Stem Cells: What, How and Why? Stem cells are infinitely valuable when considering their potential applications in the medical profession. While current legislative restrictions have halted the development of new ?stem cell lines? to any agency or company that receives any form of governmental grants, there is no question that the medical profession is standing at the brink of a new era of technological advancements in healthcare and research. Stem cells are valuable due to the fact that they are ?non-designated,? (have no specifically assigned task in the body, i.e. liver cells, brain cells, skin cells, etc.) and they also have the ability to divide indefinitely. Thus, theoretically stem cells could replace any damaged or lost specifically designated cells within the body. However, this is just a brief mention of the potential applications of stem cell research, which will be discussed at a later point in this essay. Stem cells are categorized into three genres based upon their potential developmental capability, total to limited. (NIH PRIMER http://www.nih.gov/news/stemcell/primer.htm) Totipotent stem cells are stem cells whose potential is total, thus totipotent. Totipotent stem cells are derived from embryonic tissue and fertilized ovarian eggs. This type of stem cell is of particular importance to researchers due to its ability to ?specialize into extraembryonic membranes and tissues, the embryo, and all postembryonic tissues and organs? (NIH Primer). However these type of cells are extremely difficult to come by and only occur in certain places at certain developmental times. Pluripotent stem cells are stem cells in which their potential is large but not total as in Totipotent stem cells. These cells lead to the development of many cells, but cannot derive certain types of fetal cells necessary for the development of a fetus as do Totipotent stem cells. These cells undergo further assigment into cells that are designed to derive specifically assigned cells. Pluripotent stem cells are somewhat easier to come by comparatively speaking to totipotent stem cells. The final genre of stem cells is that of multipotent stem cells. These cells are more specialized than the other two categories and thus are more restricted in their capability. Multipotent stem cells are derived from pluripotent stem cells. While pluripotent stem cells are least in their po... ...if a republican president is elected following Bush. Some might say these restrictions are necessary as technology and knowledge expand. However, by allowing the government to limit was scientist can and can?t do; we?re only doing one thing. Making the most brilliant minds our country has to offer leave. It seems as though America is one of the last overly conservative strongholds left in the modern world. If we allow our government to restrict what scientist can research in the United States, the scientist will simply move somewhere where the research isn?t illegal. I regard science as a passion. I can say with absolute certainty it is not my passion, however to many who make it their career choice, it is. I offer you this example. My passion is writing, if the government made it illegal to write about what I desired, I would do whatever necessary to allow myself to follow my passion. Moving across that big pond we call the Pacific Ocean would be a small price to pay to follow my passion and practice it freely. It should be noted that by restricting research of nearly any kind (yes I do have some morals) would simply result in the loss of America?s greatest thinkers.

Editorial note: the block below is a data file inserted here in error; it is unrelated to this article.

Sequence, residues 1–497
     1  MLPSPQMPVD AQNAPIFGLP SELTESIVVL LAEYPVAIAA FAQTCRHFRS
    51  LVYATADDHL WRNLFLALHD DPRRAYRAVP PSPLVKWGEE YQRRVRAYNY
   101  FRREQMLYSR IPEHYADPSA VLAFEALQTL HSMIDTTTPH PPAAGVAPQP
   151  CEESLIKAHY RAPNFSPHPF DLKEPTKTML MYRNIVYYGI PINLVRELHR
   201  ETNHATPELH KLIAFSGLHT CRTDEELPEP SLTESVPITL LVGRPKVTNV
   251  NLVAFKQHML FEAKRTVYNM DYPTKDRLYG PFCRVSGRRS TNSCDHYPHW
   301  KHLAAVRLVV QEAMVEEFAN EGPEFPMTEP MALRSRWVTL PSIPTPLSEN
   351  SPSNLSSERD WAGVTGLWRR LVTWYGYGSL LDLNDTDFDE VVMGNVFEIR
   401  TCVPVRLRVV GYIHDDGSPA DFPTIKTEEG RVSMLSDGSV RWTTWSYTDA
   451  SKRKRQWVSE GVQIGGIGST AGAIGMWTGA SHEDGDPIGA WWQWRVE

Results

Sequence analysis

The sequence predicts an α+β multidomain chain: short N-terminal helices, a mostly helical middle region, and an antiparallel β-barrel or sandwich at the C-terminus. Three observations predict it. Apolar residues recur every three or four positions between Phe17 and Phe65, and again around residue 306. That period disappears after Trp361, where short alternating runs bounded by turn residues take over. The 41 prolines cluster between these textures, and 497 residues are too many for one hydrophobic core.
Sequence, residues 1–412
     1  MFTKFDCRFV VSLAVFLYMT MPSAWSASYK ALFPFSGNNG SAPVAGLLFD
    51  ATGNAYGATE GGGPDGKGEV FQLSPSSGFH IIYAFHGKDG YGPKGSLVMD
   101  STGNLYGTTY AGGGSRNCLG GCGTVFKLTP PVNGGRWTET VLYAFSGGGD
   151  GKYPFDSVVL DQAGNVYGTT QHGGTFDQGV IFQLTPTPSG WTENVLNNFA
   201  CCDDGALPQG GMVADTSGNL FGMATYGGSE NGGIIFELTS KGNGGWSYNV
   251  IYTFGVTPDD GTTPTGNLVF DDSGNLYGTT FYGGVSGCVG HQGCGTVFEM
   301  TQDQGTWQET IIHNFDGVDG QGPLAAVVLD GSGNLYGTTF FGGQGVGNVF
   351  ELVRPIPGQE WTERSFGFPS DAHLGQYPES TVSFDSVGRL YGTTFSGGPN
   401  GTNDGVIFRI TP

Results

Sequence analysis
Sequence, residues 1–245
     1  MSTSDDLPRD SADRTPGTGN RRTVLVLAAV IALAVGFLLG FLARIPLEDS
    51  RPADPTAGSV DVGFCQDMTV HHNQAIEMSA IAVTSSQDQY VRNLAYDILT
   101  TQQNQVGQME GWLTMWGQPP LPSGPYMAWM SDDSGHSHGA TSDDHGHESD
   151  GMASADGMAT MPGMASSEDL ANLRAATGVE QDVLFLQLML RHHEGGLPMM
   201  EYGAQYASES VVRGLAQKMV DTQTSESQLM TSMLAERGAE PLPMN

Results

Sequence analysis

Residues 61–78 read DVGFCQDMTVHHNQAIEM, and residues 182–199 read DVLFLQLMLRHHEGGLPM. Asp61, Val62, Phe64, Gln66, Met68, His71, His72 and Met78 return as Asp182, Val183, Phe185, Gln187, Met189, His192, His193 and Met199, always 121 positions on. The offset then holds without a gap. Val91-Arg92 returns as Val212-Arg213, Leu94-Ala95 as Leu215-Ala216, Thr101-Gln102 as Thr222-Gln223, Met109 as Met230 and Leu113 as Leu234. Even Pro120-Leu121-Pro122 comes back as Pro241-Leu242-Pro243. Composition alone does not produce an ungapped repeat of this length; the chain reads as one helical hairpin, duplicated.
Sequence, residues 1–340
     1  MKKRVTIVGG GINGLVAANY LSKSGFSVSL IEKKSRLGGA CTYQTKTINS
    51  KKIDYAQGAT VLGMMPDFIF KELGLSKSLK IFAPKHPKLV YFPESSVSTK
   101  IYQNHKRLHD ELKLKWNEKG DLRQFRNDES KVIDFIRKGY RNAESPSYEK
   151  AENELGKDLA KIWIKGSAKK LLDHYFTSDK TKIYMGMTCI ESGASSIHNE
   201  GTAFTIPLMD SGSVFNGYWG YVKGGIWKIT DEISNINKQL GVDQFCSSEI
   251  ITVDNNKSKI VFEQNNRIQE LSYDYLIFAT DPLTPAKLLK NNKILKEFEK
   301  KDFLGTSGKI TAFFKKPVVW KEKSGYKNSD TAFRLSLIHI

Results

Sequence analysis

Write something about yourself. No need to be fancy, just an overview.